But Bond has been surprised by guards and taken to the boss, who orders him disposed of. The arrow generates confusion, allowing Bond to escape, whereupon he meets Melina on the trail, where she saves him again with a well-placed arrow. They team up and escape in her little yellow car, since his tricked-out Lotus has exploded when one of the guards attempted to break in. Here begins the first of several stereotype Bond chases, as the little yellow car (a Yugo?) dashes madly along winding mountain roads and through villages, pursued by two cars full of gunmen. Of course Bond and the girl escape, as the gunmen meet ghastly ends.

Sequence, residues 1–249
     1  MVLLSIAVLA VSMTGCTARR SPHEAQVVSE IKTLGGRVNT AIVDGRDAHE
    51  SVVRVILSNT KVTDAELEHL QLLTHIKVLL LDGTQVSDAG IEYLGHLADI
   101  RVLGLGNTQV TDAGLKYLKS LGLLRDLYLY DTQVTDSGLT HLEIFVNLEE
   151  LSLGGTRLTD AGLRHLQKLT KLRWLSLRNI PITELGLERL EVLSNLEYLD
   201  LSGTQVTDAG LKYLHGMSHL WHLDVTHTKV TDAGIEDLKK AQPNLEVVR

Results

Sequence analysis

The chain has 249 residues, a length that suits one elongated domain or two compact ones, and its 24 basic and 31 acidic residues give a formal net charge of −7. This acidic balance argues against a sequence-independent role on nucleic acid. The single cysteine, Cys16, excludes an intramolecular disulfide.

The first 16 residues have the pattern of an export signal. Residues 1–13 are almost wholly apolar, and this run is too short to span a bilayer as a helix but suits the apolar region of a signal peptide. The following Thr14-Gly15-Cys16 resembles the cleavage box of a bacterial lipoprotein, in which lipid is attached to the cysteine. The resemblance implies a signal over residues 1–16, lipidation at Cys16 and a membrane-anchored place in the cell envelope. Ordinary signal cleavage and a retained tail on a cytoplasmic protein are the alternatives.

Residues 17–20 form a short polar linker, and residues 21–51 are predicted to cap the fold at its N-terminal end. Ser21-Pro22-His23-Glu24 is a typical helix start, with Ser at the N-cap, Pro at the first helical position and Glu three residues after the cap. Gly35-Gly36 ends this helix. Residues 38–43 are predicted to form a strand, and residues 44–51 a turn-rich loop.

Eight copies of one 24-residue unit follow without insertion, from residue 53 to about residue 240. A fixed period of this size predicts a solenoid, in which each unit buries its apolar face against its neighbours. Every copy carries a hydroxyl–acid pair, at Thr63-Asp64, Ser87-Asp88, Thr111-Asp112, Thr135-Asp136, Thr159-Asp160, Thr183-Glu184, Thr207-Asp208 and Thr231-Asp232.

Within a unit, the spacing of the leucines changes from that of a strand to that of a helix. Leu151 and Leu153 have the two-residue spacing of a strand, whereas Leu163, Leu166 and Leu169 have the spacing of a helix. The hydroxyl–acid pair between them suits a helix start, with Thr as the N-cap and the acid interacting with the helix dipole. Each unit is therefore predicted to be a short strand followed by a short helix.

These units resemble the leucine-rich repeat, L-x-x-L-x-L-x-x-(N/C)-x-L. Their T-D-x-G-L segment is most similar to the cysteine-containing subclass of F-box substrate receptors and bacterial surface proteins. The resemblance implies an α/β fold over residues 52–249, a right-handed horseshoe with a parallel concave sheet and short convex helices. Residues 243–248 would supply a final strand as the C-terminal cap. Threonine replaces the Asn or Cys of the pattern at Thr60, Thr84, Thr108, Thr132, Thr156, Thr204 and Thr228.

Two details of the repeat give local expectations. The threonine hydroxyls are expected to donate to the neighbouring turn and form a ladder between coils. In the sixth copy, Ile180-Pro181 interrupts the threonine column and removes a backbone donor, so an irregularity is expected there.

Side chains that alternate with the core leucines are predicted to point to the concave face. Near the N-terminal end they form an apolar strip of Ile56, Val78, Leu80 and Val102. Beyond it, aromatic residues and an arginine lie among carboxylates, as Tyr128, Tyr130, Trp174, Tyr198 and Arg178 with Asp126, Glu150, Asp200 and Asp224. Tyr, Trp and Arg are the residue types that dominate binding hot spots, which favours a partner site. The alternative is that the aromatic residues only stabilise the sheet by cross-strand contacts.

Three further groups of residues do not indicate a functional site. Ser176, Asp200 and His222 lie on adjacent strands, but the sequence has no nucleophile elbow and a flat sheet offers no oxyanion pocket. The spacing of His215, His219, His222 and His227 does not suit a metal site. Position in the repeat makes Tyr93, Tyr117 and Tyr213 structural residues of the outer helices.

Trust me. There is a plot in this movie. The story advances as Bond follows lead after lead to track down who is after the ATAC. In the meantime there is the requisite snow chase. Here motorcycles with ice racing tires (spikes) chase Bond, on skis, down the mountain.
And down a bobsled run.
But Bond finds out he has been chasing the wrong villain. A smuggler clues him in that a supposed Anglophile is the real mastermind, and Bond and the girl retrieve the ATAC from the sunken spy boat, only to be captured by the traitor. It is decided that rather than shooting the two and dumping them to the sharks, the mastermind will troll them behind his boat over some sharp coral and let the sharks do the rest.